But what is ultimately to become of slavery? asks the impatient Abolitionist. I cannot tell him with any certainty. I have no doubt that the merciful Providence, which permitted its introduction into our country against the wishes of our ancestors, will, according to His own good pleasure and time, provide for its mitigation or termination.  8
  In the mean time, we have had much to encourage us. Our Revolution led to the cessation of the African slave trade with the United States. It altogether ceased in 1808. Many States emancipated their slaves, not by the perilous process of an immediate liberation, but by the gradual and cautious proceeding of a slow and regulated emancipation, liberating the offspring at mature age, and leaving the parents in slavery; thus making preparation for the proper use of the liberty which their children were to enjoy. Everywhere a spirit of humanity was, more and more, infusing itself into the laws for the regulation of the treatment of slaves, until it was checked, in some places, by the agitation of Abolition. Some States, where the proportion of slaves was not very great in comparison with the whites, were beginning seriously to think about the practicability of a gradual emancipation within their limits, but they, too, have been checked by the intemperate zeal of Abolitionists. The feasibility of African colonization has been demonstrated, and the Society, with its limited means, has been quietly prosecuting its noble object.  9
  By some of the means indicated, and others hidden from our view, by an all-wise Providence, we may cherish the hope that, if violent Abolitionists will cease stirring up strife and agitating the passions, we may ultimately alleviate the evils, if not eradicate the existence of slavery in our land.  10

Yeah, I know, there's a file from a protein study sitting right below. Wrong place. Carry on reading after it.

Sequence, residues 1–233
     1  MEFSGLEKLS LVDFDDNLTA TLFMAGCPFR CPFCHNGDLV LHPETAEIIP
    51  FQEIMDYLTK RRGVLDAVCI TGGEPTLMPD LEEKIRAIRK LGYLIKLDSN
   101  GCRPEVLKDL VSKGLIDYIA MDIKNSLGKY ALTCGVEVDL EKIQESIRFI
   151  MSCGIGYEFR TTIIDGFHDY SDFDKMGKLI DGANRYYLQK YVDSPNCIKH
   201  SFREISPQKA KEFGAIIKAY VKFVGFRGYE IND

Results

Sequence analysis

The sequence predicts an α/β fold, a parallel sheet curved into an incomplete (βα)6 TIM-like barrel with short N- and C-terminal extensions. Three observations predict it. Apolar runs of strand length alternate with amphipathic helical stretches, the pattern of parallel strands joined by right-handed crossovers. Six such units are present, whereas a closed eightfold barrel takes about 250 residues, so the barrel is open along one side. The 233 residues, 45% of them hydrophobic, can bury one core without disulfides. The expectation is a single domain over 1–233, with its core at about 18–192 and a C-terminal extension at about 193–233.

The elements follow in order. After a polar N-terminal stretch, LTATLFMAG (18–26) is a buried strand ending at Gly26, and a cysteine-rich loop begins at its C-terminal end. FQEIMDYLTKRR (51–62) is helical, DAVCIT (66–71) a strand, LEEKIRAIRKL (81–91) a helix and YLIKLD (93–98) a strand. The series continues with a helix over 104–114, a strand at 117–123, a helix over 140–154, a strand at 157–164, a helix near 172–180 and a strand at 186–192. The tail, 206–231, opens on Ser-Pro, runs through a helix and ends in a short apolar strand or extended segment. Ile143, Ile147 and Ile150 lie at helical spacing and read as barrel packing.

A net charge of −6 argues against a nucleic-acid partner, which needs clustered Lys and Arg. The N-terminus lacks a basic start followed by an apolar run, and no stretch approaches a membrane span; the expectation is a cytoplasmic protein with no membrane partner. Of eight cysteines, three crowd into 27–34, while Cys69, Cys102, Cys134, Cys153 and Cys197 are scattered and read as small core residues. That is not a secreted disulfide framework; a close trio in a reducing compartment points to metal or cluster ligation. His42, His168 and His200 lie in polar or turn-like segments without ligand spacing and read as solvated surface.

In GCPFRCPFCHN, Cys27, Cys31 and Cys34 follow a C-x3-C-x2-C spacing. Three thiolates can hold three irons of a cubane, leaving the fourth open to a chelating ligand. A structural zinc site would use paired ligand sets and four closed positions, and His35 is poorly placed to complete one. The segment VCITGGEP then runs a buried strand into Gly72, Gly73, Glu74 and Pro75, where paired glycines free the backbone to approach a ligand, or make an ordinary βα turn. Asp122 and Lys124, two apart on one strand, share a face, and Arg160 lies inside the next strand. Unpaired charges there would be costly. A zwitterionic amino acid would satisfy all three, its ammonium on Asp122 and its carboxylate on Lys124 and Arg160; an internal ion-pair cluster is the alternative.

The generation that established our independence achieved a great and glorious work. Succeeding generations have accomplished much in advancing the growth, the power, and the greatness of this nation. We must leave some things to posterity, and among others the task of making adequate provision for the institution of slavery.  11
  In spite of slavery, our arms triumphed in the revolutionary struggle. And it is not too much to assert that, if Abolition had developed itself then, as it since has done, we should have failed. We should have been unable to form the Confederation, or subsequently to have adopted the present Constitution. In spite of slavery, we were successful in the second war with Great Britain. And in neither war, it is a gratifying historical fact, was the enemy able, by all his arts of seduction, to withdraw many slaves from their fidelity. In spite of slavery, we have moved onward in our march to power and greatness, augmenting our population, in a period only co-extensive with that of my own life, from two and a half to seventeen millions.  12
  If our country is now writhing under the agony of extreme pecuniary distress and embarrassment, it has not been produced by slavery, at least not by black slavery. It has been brought about, I think, by the exercise of arbitrary power, but not that which the master exerts over his black slave.  13
  Let us cease to agitate a topic which divides, distracts, and inflames the community; which tends to array man against man, State against State, and section against section, and which threatens the greatest of all possible calamities which could befall this people, the dissolution of the Union of these States. Let us, in place of discord and dissension, cultivate peace, harmony, and good-will among the people and the States of this Confederacy. And let us recollect that we have other duties—far higher duties—to perform toward our country, toward posterity, and toward the world, than even the extirpation of African slavery, however much its original introduction among us is to be deplored.  14